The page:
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August 14, 2017 | by  | in Film |
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The Party (2017) — Sally Porter

Janet (Kirsten Scott Thomas) has just been named the new Minister of Health and invites a group of friends to celebrate with her. Her husband Bill (Timothy Spall) is drunk and despondent, her friend April (Patricia Clarkson) can barely contain her nihilist despair, and Tom (Cillian Murphy) is on the verge of a nervous breakdown. The happier participants — Jinny, Martha, and Gottfried (played by Emily Mortimer, Cherry Jones, and Bruno Ganz, respectively) — attempt to paint a smile on proceedings, but they quickly begin to crack.

It’s a familiar set-up: a group of respected actors are given a witty script and confined to a single location. At its best, this kind of melodrama can be the perfect representation of Sartre’s declaration that “hell is other people.” Of course, People Arguing and Coming to Terms with ThingsTM is not a very cinematic premise, but, under Porter’s direction, this comedy of manners is a tightly-wound machine.

The editing undergirds every verbal barb, and quick cuts to Spall’s empty eyes and Clarkson’s raised eyebrows act as the ultimate form of punctuation. These expressions, whether they’re smirks, cringes, or thousand-yard stares, are cast into an even more vivid light by the film’s black and white cinematography (made more impressive by the Embassy’s giant screen). These emotions aren’t just writ large, but stretched to absolute, hyperbolic limits. In any other circumstance, the shift from verbal (and emotional) violence to physical altercations would seem contrived; in this film, however, every slap is an extension of a character’s tongue, a natural overflow of their simmering frustration.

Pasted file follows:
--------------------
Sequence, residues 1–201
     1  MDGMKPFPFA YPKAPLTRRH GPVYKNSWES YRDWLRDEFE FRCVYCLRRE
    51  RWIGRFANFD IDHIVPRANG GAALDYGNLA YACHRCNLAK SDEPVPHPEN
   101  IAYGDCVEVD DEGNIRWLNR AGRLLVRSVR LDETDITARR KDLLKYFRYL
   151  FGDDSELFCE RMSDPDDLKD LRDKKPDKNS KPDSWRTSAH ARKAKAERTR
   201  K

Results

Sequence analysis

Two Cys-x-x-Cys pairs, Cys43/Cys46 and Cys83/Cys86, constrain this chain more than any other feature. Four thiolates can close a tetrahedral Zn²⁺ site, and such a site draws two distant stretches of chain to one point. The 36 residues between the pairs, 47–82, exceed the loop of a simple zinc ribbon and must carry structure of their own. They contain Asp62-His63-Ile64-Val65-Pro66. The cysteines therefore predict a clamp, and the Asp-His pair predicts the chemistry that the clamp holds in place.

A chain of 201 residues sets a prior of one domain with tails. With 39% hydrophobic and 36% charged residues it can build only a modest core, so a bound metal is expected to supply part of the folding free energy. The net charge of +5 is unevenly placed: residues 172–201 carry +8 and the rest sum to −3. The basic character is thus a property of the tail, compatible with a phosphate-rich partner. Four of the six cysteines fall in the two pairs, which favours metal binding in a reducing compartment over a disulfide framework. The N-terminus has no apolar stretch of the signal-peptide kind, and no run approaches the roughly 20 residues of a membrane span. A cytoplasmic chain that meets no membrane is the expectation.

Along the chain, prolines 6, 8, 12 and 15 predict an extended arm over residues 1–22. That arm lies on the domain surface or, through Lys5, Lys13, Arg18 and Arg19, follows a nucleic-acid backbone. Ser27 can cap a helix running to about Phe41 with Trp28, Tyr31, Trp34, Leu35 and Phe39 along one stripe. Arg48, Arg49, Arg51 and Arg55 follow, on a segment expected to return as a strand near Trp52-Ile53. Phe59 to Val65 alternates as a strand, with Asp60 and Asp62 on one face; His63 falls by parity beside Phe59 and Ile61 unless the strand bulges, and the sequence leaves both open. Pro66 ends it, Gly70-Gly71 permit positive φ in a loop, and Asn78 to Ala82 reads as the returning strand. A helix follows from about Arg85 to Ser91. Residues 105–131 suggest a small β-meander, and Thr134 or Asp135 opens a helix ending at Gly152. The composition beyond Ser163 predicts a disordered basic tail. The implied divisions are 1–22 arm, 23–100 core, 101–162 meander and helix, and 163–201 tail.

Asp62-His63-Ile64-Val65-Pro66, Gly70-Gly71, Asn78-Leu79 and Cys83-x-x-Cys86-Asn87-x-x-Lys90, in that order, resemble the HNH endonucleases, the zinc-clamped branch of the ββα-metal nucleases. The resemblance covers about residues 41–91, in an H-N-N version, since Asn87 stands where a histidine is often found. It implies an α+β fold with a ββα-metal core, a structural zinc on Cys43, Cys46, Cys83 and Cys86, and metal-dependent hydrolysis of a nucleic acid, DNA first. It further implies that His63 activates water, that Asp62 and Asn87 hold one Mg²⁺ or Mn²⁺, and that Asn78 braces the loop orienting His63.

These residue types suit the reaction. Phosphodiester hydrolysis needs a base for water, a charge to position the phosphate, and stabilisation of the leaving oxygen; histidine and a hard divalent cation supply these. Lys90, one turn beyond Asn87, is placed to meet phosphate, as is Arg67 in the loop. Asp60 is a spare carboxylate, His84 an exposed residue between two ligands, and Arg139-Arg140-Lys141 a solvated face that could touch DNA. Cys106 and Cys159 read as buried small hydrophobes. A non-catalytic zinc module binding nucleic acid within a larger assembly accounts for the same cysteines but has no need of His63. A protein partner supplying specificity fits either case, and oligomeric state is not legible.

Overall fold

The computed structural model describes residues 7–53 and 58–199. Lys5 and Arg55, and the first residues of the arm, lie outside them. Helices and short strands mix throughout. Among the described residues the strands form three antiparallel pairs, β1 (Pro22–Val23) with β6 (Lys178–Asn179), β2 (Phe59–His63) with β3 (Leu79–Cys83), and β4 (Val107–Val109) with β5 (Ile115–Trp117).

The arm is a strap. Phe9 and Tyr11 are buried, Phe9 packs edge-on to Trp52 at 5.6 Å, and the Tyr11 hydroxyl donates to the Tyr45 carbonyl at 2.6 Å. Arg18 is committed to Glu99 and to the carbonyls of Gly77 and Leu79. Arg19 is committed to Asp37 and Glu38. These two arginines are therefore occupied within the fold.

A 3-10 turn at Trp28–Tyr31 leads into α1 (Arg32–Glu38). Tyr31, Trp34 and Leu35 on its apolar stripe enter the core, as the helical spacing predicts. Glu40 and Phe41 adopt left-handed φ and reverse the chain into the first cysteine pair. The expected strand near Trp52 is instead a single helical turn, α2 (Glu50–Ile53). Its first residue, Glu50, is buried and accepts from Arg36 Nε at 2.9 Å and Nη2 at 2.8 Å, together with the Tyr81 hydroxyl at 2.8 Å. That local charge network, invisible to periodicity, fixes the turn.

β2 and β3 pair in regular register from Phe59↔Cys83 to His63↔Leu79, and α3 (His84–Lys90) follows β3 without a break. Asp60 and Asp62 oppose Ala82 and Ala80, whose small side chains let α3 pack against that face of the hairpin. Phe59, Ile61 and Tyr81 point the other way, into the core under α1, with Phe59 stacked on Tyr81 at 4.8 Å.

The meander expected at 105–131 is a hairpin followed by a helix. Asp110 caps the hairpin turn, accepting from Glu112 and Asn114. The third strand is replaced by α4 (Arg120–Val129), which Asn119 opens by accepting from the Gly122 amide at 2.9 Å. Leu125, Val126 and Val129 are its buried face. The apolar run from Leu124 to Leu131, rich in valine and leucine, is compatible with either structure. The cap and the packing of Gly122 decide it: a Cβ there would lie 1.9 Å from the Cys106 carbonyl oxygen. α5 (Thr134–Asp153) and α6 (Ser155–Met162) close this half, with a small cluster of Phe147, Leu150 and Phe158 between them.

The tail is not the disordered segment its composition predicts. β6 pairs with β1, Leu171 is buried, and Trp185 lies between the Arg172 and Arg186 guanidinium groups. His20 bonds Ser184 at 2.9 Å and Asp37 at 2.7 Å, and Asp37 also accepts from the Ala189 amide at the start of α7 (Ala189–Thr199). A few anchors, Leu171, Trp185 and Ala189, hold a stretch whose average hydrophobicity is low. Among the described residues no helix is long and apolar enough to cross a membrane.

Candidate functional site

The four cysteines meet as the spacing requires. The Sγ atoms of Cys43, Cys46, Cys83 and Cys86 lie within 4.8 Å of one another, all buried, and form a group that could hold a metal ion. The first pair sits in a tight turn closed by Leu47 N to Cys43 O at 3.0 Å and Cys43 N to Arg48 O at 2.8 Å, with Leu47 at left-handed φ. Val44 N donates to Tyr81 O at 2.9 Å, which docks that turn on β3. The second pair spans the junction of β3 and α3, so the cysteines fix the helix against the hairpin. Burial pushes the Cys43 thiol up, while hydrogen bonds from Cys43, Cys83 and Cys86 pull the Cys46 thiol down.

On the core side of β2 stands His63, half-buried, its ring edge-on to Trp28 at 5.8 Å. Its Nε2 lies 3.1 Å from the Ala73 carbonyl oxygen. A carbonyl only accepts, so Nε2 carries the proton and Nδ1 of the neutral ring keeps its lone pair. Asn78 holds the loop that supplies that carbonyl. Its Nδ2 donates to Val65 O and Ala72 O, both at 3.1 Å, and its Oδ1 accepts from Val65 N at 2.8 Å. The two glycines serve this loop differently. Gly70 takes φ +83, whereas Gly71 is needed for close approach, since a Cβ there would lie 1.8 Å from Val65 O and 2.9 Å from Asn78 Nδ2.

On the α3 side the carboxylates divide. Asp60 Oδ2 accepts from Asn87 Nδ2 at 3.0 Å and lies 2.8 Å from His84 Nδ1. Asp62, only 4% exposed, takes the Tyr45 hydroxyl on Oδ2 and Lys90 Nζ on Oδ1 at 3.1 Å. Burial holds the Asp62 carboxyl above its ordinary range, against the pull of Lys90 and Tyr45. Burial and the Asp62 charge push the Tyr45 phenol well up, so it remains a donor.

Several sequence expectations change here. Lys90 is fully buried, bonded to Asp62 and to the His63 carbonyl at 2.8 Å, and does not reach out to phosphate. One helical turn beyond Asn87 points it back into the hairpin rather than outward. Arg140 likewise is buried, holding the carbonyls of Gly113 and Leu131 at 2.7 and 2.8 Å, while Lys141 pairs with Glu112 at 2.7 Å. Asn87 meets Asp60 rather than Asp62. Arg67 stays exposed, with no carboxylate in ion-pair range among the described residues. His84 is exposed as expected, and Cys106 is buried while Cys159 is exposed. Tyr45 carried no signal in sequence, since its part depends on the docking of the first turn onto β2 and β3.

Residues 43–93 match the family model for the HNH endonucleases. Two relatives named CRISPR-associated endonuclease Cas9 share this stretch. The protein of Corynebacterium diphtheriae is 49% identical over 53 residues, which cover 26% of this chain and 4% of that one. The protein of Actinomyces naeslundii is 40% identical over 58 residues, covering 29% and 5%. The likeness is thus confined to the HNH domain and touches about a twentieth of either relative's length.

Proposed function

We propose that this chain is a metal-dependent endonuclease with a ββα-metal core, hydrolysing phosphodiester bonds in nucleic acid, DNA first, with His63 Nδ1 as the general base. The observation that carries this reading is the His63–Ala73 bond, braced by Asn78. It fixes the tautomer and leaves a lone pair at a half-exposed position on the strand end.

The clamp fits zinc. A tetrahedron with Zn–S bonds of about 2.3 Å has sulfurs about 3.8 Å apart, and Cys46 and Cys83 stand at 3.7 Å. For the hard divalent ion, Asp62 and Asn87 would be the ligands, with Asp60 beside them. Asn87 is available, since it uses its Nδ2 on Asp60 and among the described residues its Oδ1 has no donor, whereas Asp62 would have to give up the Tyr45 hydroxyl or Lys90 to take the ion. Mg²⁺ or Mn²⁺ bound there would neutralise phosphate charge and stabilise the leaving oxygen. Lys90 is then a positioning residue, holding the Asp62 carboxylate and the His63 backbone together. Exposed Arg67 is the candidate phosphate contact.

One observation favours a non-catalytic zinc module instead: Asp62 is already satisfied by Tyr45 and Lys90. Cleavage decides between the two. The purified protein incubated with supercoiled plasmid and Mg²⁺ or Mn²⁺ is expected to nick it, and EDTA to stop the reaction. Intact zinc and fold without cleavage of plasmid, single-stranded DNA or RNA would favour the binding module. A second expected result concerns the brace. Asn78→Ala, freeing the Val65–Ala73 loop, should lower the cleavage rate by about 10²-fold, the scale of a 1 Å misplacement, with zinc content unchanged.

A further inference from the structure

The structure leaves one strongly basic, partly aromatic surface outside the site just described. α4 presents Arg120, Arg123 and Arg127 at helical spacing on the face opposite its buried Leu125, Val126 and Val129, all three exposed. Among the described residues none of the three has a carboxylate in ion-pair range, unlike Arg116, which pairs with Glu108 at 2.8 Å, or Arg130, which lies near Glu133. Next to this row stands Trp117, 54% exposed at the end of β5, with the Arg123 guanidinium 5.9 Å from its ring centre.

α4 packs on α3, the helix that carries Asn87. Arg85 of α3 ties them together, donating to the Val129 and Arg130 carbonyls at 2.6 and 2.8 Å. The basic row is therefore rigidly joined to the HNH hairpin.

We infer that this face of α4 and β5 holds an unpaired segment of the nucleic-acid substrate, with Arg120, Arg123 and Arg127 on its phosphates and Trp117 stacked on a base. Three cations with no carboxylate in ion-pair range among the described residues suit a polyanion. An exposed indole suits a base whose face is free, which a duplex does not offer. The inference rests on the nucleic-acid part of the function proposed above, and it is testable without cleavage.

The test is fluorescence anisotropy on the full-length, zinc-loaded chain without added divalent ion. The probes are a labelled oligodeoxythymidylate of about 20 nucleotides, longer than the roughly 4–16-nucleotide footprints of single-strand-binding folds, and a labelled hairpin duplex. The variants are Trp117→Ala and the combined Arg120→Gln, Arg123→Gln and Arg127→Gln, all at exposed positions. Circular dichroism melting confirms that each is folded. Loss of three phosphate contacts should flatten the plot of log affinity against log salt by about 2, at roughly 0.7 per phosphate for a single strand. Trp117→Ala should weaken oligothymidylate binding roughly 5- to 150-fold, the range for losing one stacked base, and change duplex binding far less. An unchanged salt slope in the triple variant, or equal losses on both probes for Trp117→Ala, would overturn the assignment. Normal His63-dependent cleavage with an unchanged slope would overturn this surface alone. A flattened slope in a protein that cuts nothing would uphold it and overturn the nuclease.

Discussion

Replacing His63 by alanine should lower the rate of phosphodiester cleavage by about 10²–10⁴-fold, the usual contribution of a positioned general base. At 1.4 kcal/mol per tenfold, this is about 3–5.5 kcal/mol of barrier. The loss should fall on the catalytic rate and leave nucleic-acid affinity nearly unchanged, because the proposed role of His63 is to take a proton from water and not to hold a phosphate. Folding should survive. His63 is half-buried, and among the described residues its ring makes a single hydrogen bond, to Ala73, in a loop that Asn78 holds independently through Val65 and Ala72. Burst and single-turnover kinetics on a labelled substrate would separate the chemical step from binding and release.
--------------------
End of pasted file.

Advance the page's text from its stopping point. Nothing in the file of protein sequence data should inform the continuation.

The Party is the funniest film I have seen all year: there is nothing more fascinating than watching characters snap on screen, and nothing more transgressive than being able to laugh about it.

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